Local content creates engaged users

Sara Sjöman is Business Manager at the streaming service C More. She is responsible for packaging and pricing the content and selection that the company offers its customers online via streaming. Many of the challenges she faces at work relate strongly to copyright law and piracy.

How would you describe the trend and user behaviour?

- We’re observing the changes taking place in viewing habits and can now see the contours of tomorrow’s TV landscape. We’re moving from linear TV with programme schedules towards streaming, where users are more active and choose for themselves what they want to watch and when. This is a major benefit for the user. There is an increase in engagement, and also in the total consumption of moving content. It’s therefore become even more important to create a really relevant experience for the user.

What is a relevant experience of streamed content?

- We have deep insights into our customers’ wishes and preferences. We analyse our data and online statistics in a new way and gain decisive insights into how users consume content. From this, we learn lessons and build productions, package and communicate in order to reach the end user in the right way. We’re happy to personalise our communication in order to be able to produce relevant offerings for our customers.

- The relationship with our end customers is valuable for us. It’s absolutely crucial for our streaming business and our future development. Our own data, which we analyse for deeper consumer insights, is an intellectual asset that we handle with great care. Ultimately it creates relevant experiences for our users.

How do you work with issues relating to copyright?

- We deal with issues of copyright all the time, they’re a constant feature of our day-to-day work. The sporting rights we buy, for example, have inbuilt agreements that are often complex and have strict rules about how you can present players. We broadcast leagues, so it’s the teams that we must show in images and not individual players, and so on.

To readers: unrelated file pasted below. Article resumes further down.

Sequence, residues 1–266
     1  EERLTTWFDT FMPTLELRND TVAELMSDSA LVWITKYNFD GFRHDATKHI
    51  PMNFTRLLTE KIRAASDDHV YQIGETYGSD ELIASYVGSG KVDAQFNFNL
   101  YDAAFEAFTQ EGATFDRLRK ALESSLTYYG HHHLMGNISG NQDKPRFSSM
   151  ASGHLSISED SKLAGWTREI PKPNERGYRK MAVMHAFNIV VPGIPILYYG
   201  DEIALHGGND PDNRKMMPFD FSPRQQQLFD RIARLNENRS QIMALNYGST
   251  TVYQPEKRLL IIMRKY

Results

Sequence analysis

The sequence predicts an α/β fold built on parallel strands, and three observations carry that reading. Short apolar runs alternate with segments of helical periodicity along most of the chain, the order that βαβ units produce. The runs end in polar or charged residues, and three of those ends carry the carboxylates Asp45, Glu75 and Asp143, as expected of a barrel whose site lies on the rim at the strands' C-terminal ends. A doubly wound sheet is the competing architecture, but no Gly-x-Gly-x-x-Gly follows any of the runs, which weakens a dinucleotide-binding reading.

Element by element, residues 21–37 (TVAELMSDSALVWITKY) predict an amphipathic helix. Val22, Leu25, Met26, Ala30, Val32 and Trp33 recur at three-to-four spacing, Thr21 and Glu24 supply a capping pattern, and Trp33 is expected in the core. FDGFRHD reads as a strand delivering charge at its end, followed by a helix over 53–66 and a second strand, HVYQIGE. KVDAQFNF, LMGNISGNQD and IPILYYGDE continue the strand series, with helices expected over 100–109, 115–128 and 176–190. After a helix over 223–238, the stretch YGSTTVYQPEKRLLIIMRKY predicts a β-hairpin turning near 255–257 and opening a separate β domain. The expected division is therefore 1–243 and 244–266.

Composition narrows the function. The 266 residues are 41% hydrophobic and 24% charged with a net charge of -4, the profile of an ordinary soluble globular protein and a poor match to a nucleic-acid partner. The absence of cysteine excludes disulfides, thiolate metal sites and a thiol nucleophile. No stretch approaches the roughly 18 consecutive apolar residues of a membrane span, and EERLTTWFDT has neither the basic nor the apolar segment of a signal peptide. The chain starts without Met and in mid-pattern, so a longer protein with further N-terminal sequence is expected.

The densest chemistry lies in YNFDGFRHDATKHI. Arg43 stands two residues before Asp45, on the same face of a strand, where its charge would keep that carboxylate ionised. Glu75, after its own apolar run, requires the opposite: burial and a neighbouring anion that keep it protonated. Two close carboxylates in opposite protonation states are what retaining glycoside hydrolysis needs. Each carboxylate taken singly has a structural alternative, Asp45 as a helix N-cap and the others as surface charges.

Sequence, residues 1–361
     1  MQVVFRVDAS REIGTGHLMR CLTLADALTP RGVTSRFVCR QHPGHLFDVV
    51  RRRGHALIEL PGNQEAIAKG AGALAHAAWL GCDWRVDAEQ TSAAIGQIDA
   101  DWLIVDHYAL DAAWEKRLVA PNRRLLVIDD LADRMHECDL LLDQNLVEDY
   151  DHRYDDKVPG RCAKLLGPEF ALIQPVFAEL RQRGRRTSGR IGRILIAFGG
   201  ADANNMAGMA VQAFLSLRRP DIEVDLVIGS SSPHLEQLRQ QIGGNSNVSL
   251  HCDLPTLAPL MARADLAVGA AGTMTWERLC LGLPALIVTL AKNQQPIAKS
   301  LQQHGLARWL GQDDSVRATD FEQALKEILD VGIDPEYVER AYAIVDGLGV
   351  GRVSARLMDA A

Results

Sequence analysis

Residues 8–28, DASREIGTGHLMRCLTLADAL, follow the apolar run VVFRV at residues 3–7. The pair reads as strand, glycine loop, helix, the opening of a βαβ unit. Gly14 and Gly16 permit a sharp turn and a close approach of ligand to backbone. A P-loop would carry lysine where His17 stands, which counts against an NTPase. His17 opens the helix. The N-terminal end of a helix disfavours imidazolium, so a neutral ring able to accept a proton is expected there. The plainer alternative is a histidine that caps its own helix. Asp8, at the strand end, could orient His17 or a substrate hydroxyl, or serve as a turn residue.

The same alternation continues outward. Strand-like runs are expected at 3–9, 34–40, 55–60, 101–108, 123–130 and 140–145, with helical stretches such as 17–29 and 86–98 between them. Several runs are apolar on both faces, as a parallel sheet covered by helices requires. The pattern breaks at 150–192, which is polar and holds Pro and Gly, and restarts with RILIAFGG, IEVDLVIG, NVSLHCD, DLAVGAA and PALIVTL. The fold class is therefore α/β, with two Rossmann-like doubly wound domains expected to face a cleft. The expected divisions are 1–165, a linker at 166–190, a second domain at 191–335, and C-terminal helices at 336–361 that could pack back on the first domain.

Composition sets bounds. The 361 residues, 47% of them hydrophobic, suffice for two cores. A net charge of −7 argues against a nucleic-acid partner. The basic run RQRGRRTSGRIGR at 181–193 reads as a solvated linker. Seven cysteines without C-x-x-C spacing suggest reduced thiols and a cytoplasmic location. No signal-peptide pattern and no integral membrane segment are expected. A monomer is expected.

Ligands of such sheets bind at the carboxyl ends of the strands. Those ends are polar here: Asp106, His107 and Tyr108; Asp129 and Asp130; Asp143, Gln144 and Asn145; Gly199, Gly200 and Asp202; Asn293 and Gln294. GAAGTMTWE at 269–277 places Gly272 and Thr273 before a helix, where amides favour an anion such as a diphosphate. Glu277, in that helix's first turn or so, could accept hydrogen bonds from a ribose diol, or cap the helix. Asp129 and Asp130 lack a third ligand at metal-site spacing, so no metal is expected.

“Issues of copyright are the basis of the whole industry in which we operate.”

- It’s a jungle, but it’s become everyday life here for us. It can be especially challenging in certain sports, for example golf, where it’s more difficult to highlight the sport while at the same time having at least three players on screen. These are just a few small examples from my everyday life at work. Issues of copyright are the basis of the whole industry in which we operate.

What are the biggest challenges?

- We’re seeing that pirated streaming has increased, and is continuing to increase at a serious rate. When we broadcast our sporting events, there’s pirated streaming of every match, on a big scale. They steal our content, use our signals that are linked to TV subscriptions and stream matches live without paying for them.